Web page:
A contractor working for the Republican National Committee (RNC) left more than 198 million Americans' personal information exposed online in a misconfigured database, UpGuard researcher Chris Vickery recently found.
The 1.1 terabytes of data, which covered almost all of America's 200 million registered voters, included names, birthdates, home and mailing addresses, phone numbers, registered parties, racial demographics and voter registration status.
The information was held in an unprotected Amazon Web Services S3 bucket owned by Deep Root Analytics (DRA), and had been compiled by DRA along with two other Republican contractors, TargetPoint Consulting and Data Trust.
Anyone with any Internet connection could access the data simply by accessing the Amazon subdomain "dra-dw," for "Deep Root Analytics Data Warehouse."
9.5 Billion Data Points
According to UpGuard, the data was key to the RNC's data operation for the 2016 presidential election, which compiled about 9.5 billion data points to score 198 million potential voters on their likely political proferences.
"This exposure raises significant questions about the privacy and security Americans can expect for their most privileged information," UpGuard cyber resilience analyst Dan O'Sullivan wrote in a blog post.
"It also comes at a time when the integrity of the U.S. election process has been tested by a series of cyber assaults against state voter databases, sparking concern that cyber risk could increasingly pose a threat to our most important democratic and governmental institutions," O'Sullivan added.
In a statement published on June 19, Deep Root Analytics said it has "updated the accessed settings and put protocols in place to prevent further access."
"Deep Root Analytics maintains industry standard security protocols," the company added. "We built our systems in keeping with these protocols and had last evaluated and updated our security settings on June 1, 2017."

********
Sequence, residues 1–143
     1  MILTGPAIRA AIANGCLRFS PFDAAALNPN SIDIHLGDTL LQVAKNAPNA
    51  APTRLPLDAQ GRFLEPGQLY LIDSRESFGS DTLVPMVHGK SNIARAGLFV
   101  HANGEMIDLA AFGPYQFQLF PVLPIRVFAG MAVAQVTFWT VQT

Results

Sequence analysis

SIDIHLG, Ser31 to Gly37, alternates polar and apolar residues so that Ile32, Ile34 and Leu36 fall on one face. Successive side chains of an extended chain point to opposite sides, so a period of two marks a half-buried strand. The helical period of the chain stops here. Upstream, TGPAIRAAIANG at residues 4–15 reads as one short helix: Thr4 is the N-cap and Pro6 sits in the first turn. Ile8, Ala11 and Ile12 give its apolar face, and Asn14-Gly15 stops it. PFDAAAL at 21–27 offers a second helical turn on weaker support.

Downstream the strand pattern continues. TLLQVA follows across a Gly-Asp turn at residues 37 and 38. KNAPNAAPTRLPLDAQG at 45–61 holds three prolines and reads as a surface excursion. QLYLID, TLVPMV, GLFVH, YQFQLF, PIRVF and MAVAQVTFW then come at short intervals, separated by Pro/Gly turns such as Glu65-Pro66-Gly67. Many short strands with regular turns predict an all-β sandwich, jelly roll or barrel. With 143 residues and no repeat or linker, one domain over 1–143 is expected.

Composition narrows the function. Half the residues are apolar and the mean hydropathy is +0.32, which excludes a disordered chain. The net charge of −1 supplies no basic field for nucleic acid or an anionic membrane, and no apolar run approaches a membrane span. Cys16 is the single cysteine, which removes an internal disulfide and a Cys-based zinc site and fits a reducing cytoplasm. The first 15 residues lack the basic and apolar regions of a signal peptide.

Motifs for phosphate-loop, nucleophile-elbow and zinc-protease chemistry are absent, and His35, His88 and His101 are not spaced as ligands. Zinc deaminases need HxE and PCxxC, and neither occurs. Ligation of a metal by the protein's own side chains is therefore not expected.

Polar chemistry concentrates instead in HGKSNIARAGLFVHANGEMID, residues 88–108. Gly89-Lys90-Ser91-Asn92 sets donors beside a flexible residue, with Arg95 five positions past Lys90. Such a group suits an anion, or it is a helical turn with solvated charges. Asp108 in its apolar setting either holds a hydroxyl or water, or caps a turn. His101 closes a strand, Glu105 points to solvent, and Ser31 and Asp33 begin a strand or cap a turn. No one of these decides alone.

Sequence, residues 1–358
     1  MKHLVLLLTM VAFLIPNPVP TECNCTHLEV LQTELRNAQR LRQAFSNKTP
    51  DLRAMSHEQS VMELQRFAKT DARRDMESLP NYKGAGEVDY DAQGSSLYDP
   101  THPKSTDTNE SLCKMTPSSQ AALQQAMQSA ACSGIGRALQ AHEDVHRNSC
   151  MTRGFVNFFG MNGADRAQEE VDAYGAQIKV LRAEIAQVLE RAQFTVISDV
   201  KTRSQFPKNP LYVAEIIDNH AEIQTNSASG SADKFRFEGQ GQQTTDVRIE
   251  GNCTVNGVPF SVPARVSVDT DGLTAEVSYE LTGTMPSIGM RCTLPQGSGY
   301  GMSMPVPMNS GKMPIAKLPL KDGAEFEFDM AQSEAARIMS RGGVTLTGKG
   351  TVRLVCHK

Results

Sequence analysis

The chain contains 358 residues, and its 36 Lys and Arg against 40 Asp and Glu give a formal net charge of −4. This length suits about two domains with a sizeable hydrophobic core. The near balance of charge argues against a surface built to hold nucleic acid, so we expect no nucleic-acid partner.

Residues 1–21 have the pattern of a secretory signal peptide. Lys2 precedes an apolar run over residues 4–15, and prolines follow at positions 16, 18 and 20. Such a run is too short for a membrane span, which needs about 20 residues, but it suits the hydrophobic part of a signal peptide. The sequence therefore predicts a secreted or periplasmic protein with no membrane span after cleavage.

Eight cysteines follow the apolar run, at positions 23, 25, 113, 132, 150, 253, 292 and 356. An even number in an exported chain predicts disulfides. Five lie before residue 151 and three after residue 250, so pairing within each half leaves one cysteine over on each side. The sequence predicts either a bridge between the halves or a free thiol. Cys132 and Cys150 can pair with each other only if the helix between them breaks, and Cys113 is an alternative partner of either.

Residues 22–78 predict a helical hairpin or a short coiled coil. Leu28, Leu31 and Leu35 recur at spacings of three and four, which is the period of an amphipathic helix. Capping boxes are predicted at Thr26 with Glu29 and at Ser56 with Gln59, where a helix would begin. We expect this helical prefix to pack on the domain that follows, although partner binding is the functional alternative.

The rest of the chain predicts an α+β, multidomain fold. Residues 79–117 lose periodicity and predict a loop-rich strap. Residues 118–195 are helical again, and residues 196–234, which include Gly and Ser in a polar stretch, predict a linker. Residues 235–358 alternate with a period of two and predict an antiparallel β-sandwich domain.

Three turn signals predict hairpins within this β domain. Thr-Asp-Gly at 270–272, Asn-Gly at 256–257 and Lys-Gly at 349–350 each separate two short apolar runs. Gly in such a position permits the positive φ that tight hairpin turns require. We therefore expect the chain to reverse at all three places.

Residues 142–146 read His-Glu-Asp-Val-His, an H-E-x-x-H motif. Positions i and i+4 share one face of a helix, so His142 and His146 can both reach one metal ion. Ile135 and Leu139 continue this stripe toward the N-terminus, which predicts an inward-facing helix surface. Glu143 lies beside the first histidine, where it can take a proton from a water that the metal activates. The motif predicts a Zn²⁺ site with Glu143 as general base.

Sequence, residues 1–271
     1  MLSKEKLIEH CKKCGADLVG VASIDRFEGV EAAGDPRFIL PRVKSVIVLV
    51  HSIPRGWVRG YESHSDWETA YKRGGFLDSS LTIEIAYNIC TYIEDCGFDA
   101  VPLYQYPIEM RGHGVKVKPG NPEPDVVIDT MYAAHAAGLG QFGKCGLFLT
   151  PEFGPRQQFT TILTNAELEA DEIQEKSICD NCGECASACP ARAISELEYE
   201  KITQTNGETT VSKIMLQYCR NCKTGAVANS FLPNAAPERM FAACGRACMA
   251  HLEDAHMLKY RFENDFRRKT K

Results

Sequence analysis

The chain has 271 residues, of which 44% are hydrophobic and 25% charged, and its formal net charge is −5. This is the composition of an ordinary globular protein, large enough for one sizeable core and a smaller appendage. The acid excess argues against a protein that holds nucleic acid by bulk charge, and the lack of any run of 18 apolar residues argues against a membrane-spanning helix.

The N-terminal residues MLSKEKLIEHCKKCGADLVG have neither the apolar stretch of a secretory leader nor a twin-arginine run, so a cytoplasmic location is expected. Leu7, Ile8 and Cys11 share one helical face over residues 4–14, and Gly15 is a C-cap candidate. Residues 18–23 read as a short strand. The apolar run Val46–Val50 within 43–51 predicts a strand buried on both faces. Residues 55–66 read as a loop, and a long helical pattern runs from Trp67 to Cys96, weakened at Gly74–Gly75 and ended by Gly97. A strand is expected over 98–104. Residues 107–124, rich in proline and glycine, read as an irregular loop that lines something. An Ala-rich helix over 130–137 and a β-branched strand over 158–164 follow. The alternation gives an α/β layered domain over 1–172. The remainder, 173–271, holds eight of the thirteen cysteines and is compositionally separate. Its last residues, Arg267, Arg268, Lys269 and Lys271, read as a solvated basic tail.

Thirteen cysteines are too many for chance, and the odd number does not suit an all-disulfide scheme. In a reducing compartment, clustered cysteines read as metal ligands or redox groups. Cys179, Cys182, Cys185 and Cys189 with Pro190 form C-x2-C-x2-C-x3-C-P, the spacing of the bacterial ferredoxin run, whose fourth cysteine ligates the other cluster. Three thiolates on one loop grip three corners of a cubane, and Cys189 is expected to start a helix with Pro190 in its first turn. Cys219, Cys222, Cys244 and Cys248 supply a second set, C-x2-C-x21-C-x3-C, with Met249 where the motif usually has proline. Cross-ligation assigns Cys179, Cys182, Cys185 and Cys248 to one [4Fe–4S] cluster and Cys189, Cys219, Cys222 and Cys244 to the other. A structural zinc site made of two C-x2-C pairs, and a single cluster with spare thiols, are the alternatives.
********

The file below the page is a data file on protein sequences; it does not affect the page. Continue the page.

A Gift to Hackers
CyberScout chairman and founder Adam Levin told eSecurity Planet by email that the exposed data could prove a treasure trove for creative hackers.
"They can pose as anyone from a political action committee or local voting board to the IRS or a bank in phishing emails, to coax additional information from voters, such as Social Security numbers for identity theft, or they can influence the voting process directly," Levin said.
"Any organization that collects and stores data such as voter information must exercise the highest level of cyber hygiene," Levin added. "This includes repeated penetration testing and searches for and patches to new vulnerabilities as well as continual monitoring for unusual data exfiltration."
Tim Prendergast, CEO of Evident.io, said it's important to remember that the breach wasn't the result of malware or a hack. "This was simply a case of human error and poorly defined policies, and it highlights why 'intent to secure' isn't enough," he said. "Continuous enforcement of strict security is table stakes at this point and it's clear that it's mandatory."
"Consider all public cloud customers and all their users across the globe -- some level of unintended, inadvertent exposure is certainly happening in many organizations," Prendergast added. "They may have yet to surface, but unless these organizations are aware and able to remediate problems, their data breach could be the next headline."
Cybernance CEO Mike Shultz said the greatest threat an organization faces usually isn't an outside attacker -- it's the people inside the organization and their mistakes. "The lack of safeguards around the people, processes and policies of this organization have culminated in a massive, embarrassing and extremely troubling leak," he said. "This event suggests that there is no emphasis on cyber literacy or training within the company, which is disturbing given the sensitive and private nature of their product and offering."
Third Party Risks
And Sam Elliott, director of security product management at Bomgar, said the breach should serve as yet another reminder of the risks presented by contractors and third parties. "Organizations in the public and private sectors alike are increasingly working with external vendors who either have access to or store sensitive data," he said. "This significantly increases the risk of that information being leaked or a breach occurring due to a contractor being compromised, as was the case with the historic OPM breach."
"Organizations that falsely assume their contractors uphold the same security standards as they do open themselves up to risk in today's heightened environment," Elliott added. "To stay safe, companies must set security policies for all external groups and enforce adhering to them as a prerequisite for doing business."